Utah State Legislature to consider two medical marijuana bills

SALT LAKE CITY -- The Utah State Legislature will consider two separate medical marijuana bills when it meets next year.

But cannabis advocates claim only one of those bills will actually do patients some good.

The legislature's interim Health and Human Services Committee met Wednesday to discuss a pair of bills. One is sponsored by Rep. Brad Daw, R-Orem; the other is sponsored by Sen. Mark Madsen, R-Saratoga Springs.

Rep. Daw said his bill would allow for cannabidoil to be used to treat a long list of diseases and conditions including cancer, HIV/AIDS, and epilepsy. He told the committee that prescribing doctors would provide research on its effectiveness to the legislature that would be considered when the law would come up for renewal.

"We feel like this is the prudent manner that to allow for patients to be treated with a component of marijuana that can be considered medicinal," said Sen. Evan Vickers, R-Cedar City, in support of Rep. Daw's bill.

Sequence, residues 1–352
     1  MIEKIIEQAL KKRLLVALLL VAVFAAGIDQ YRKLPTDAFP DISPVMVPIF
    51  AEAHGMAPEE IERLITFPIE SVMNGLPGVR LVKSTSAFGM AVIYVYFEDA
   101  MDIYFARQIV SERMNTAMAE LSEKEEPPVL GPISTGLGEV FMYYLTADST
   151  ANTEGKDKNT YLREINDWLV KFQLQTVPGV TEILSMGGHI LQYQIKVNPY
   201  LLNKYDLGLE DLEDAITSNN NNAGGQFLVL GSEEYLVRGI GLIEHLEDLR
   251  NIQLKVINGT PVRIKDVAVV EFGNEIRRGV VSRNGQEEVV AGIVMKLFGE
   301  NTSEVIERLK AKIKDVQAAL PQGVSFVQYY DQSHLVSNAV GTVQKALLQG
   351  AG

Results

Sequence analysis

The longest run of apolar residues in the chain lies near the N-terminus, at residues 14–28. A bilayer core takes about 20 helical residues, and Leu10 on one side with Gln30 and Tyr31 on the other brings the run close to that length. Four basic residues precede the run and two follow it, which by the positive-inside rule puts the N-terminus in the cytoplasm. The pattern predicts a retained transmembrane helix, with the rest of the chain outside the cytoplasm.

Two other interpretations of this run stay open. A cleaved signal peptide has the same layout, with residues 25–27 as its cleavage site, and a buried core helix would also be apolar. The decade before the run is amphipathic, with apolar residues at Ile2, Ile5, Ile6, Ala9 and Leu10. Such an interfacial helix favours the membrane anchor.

Sen. Madsen's bill would allow for THC to be used in cannabis products to treat a similar list of ailments.

"There are clearly differences in the history of the two bills, the underlying philosophy of the two bills," Madsen told the committee.

Sen. Brian Shiozawa, R-Salt Lake City, tried to pinpoint the differences.

"Is CBD going to be able to do the deal? Is it going to be as effective as THC in terms of treating these conditions?" he asked Madsen.

"I believe no," he replied.

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